Wednesday, October 3, 2007

Good-bye to all my friends

Good-bye to all my friends. And truthfully, they weren’t my friends to begin with, and I think it’s time to just sort of simplify things.

When I was young, I had maybe one or two very close friends. That seemed to be all I needed. Then something happened, and more and more people entered my life. It was fun (most of the time.) For the most part they were fun to have around; it’s nice to be in the center of things, be invited to parties, but many times I sensed there was something missing, and I couldn’t put my finger on it. It centered around intimacy, the real deep sharing that friends, I thought, did. Like when we were kids, and your best friend knew your deepest secrets, and still liked you for it. That incredible level of trust that you had with a person, knowing that he would always be there. That was always missing. I thought at times I had found it, but I was wrong. So wrong…

I think I make a pretty good friend, in the true sense of the word. But it’s time to stop being a doormat. It’s time to stop letting people walk all over me in the name of friendship.

Sue has said that Americans misuse the word, friend, and that it throws many non-Americans. We use the word friend where other nationalities might say acquaintance. How sweet and naive, huh? In this day of MTV and reality TV, where the vilest, most base people are glorified, I’m looking for some reincarnation of Mayberry RFD. But that’s the way I am. I’m dumb and I'm naive and I’m a hick and I’m “a little bit country.” So what? I like who I am.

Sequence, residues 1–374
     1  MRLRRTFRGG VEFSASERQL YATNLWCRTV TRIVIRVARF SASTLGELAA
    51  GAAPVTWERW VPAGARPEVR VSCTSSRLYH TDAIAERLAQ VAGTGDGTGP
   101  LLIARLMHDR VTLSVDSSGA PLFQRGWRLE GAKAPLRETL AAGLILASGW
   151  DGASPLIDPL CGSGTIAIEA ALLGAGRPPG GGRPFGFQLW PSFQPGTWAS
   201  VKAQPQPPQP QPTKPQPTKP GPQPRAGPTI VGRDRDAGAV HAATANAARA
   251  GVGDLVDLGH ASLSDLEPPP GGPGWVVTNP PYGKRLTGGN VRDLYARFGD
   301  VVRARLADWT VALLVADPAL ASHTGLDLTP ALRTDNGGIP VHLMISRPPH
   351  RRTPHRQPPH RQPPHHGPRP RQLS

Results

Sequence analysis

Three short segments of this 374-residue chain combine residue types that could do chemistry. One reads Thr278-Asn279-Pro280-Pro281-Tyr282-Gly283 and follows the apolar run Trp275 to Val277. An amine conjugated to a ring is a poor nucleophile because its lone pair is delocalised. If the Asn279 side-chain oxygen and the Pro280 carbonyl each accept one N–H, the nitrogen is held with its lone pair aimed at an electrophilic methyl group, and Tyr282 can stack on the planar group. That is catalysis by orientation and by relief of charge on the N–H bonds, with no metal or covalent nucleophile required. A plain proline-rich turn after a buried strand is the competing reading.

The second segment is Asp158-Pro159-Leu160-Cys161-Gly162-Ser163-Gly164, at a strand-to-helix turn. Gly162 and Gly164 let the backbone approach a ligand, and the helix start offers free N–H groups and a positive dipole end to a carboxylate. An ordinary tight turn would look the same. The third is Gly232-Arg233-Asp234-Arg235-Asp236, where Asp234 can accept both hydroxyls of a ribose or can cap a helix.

I heard a person say he or she was my friend, and I’d think they were talking in the true meaning of the word. I’ve been burned more than a few times on that. It’s taken me a long time to figure this out, because I never wanted to be harsh or hard or hurtful to someone. Rejection is a horrible feeling and I didn’t want to inflict it on anyone.

I watch my daughters and their friends. They are true friends to one another. That's the teen years. As we get older, most of us lose the idealism and dreams of our teens. But I think that we are our most lucid when we're that age. We can still see the world clearly, and we can see who and what we want to be. I know I did. I’ve strayed so far from who I was when I was 18, and when I really try to get centered I go back to that time, to my hopes and dreams when I was that age, and things seem to feel better then.

I think growing up, as it is called, is highly overrated. What's called growing up is really growing hard.

When one of my daughters' friends gets hurt, they're there for one another. They have understanding, and more importantly, empathy. They really feel for one another in the truest way. Adults shut off the feeling, because of the years of feeling eventually wears on them. They're cowards, and run from the pain, even though pain isn't always what they feel. They’d rather shut out the good because of the bad; they, as it is said, throw out the baby with the bathwater.

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